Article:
The US wants India to ensure that its data localisation plan treats American companies fairly, allowing them to compete. US Treasury Secretary Steven Mnuchin added that India should ensure its plan to have data on local servers should not “stymie growth.”
Data localisation essentially means having data pertaining to financial transactions stored in servers located within the country. American firms Google, Mastercard, Visa and Amazon have lobbied against data localisation globally, maintaining that it will lead to higher cost of operations.
In April last year, the Indian banking regulator Reserve Bank of India (RBI) asked payment service providers to make sure that they store data exclusively on local servers. The RBI then issued providers with a six-month deadline to comply with the directive.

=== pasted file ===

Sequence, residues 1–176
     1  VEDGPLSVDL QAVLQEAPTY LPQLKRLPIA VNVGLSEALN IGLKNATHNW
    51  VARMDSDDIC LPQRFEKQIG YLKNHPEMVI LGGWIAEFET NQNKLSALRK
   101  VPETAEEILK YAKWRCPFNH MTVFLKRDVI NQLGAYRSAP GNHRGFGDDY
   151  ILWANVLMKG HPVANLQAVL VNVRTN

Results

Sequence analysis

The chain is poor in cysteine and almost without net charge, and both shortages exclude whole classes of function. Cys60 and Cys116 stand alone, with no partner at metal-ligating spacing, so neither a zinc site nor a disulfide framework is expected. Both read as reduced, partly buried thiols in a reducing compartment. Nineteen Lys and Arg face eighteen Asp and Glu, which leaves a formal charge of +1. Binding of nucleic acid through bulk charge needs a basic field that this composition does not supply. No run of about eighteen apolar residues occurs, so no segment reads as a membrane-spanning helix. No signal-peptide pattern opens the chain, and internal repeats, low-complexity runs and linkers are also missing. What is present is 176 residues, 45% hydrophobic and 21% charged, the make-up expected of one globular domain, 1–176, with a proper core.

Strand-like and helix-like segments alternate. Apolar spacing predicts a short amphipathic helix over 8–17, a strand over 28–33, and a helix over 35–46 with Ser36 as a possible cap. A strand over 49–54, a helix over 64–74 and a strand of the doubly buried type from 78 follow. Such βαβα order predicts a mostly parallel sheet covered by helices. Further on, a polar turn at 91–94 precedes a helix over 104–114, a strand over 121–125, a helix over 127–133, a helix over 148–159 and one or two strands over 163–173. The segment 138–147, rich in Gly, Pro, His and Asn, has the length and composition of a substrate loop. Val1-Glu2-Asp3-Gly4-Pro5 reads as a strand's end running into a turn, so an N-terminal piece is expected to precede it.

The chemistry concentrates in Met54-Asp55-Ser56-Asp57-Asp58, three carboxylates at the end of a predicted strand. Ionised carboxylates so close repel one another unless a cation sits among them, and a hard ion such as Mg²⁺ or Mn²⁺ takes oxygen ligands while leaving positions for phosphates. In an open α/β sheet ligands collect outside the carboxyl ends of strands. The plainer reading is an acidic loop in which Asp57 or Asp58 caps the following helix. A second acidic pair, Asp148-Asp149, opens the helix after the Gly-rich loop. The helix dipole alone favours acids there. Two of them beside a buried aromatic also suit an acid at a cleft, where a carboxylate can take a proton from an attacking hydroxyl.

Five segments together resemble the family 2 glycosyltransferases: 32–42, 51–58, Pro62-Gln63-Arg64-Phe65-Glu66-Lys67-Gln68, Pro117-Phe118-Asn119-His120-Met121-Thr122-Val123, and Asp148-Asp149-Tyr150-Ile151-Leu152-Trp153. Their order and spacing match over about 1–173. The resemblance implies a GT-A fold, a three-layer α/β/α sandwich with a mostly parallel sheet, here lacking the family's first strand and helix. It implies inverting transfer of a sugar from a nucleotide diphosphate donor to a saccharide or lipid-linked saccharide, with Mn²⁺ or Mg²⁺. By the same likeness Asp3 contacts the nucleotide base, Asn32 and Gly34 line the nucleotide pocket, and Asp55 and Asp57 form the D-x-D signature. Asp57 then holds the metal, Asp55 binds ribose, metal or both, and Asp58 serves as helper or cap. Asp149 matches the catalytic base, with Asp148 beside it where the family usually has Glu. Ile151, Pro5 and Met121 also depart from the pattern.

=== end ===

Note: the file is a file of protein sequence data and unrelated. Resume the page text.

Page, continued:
Data localisation is one of the issues on which the fate of India-US trade hangs.
Following the withdrawal of India from the China-led Regional Comprehensive Economic Partnership (RCEP), the nation has been holding trade negotiations with the US.
Indian Commerce and Industry Minister Piyush Goyal met his US counterpart Robert Lighthizer in November to finalise a trade deal. A US delegation visited India after Goyal’s visit for talks. The negotiations are currently ongoing.
The Personal Data Protection Bill will have the framework for handling and processing personal data by public and private entities.